It’s important that people realize that there are many, many fathers out there who regret the abortion and yet are unable to, or are uncomfortable with, talking about it. The guilt and shame; the feelings of inadequacy, in failing to protect the vulnerable; the isolation; the detachment and inability to form stable relationships; the unspoken tension; the negative effect on parenting; the emotional scarring. These things and more plague countless men, and most carry their grief as an invisible weight that squeezes the very life from their souls. They love the children who exist only in their hearts, unrequited and forlorn.
I know this because I live this, and have lived this. I’ve seen it in the way I’ve interacted with my family. This time of year, every year, is rough. I’ve shed many a tear at Christmas in the loneliness of an empty room, after everyone else had gone to bed. Certain songs evoke strong emotions – such as when Fantine sings “I had a dream my life would be So different from this hell I’m living”. Some movie scenes can be devastating – such as Capt John Miller, dying on the French village bridge, and gasping to Private Ryan: “Earn this! Earn this!” And he did earn it – and I’m left asking myself, what have I earned from my life, from my choice? I’ve watched my brothers walk their daughters down the aisle on their wedding days, and I think, “I’ll never be that dad”. I have thrown myself on the floor of adoration chapels, before our blessed Lord, begging for His peace, asking for His help to relieve the pain. He always provides the peace, but that child-sized hole in my life remains.
And I don’t want that hole to go away. I know that sounds weird, but it’s true. I had tried filling that absence with other things, subconsciously at the time, and yet it remained. For many years I tried to give the love that was meant for my daughter to other pursuits – some good, others not so much. Looking back, I now understand that that was never going to work. I came to realize that this love won’t be satisfied. Nowadays, I pray with her, and ask for her intercession. It’s what is left to me now.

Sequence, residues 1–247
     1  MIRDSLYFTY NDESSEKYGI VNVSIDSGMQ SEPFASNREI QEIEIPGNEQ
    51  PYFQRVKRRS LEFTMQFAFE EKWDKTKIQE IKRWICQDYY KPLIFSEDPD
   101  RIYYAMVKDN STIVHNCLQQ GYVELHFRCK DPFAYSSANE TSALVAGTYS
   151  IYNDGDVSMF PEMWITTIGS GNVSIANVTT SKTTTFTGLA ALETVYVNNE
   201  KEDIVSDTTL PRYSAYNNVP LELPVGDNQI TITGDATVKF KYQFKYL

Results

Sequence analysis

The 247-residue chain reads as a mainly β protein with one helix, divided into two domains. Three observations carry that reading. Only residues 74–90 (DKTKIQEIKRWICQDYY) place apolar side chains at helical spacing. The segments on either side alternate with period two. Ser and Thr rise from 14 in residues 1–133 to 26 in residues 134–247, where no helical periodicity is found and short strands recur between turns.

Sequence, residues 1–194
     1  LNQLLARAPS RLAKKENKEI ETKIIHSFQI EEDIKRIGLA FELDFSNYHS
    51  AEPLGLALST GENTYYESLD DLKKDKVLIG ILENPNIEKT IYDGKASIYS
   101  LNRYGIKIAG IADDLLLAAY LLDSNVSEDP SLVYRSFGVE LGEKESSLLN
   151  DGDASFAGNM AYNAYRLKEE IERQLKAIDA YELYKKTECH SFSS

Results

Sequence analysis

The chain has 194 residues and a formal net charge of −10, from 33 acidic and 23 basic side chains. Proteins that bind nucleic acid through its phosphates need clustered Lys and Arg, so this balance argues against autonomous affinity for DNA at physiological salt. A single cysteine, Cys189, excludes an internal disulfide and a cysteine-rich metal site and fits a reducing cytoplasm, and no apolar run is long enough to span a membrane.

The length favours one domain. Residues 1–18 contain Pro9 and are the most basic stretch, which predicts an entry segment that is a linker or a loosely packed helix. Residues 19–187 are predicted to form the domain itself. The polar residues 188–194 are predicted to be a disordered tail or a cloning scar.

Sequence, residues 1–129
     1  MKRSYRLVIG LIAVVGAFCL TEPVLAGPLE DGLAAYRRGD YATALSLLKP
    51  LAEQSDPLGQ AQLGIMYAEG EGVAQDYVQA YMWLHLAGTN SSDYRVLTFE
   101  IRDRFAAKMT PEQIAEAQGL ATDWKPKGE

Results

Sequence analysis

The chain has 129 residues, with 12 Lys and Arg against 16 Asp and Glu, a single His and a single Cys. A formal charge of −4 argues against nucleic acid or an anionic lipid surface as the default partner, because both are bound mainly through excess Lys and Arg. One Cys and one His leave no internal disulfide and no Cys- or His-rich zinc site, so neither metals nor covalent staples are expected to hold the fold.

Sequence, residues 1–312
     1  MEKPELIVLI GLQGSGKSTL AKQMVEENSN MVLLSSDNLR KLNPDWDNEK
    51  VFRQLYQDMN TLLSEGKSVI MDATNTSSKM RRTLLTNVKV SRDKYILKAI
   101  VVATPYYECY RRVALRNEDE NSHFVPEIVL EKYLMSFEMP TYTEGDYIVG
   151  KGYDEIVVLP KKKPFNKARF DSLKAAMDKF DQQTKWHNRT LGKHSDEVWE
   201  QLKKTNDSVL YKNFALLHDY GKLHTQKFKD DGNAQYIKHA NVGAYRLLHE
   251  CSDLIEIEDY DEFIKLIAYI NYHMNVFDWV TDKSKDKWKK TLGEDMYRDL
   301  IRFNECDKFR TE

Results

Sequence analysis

The hardest part is the isolation – being unable to talk about my experience, and perhaps being unable to help other men cope with their own grief. I believe God may be calling me to do that, but without a miracle, I don’t see how that will happen. Still, I remain hopeful. The grief? It comes and goes, and I take it as a normal emotional response when a loved one dies, except I’m the one responsible. I suppose it’s similar to a father of a stillborn or miscarried child, to a degree. I really can’t say, because I haven’t experienced those, but I imagine that despite the glaring obvious differences, there is the similarity in loving a child you never met. What makes the grief more pointed is that I brought it on myself.
Please don’t think I wallow in grief or self-pity. I regret that day in August 1988 with every fiber of my being, but I don’t fantasize about what should have been. The choice to abort was made, and I suffer the consequences of that choice. As does my wife, whose unwillingness to admit to herself that it was gravely wrong impedes full healing between us. I love her, and have forgiven her. I hold no grudge, and pray that God softens her heart so she can begin her own healing. Still, that is my reality, and since she is the mother of all my children, I have made the choice to remain committed to the end, whatever that end may be.
Finally, I believe my daughter has forgiven me – and her mother – which has helped me greatly. And someday, through the inexplicable mercy and kindness of God, a Father Himself, I am ever hopeful we will finally meet. A reunion of strangers who have always loved each other, and I will finally get to hear her say “Daddy!”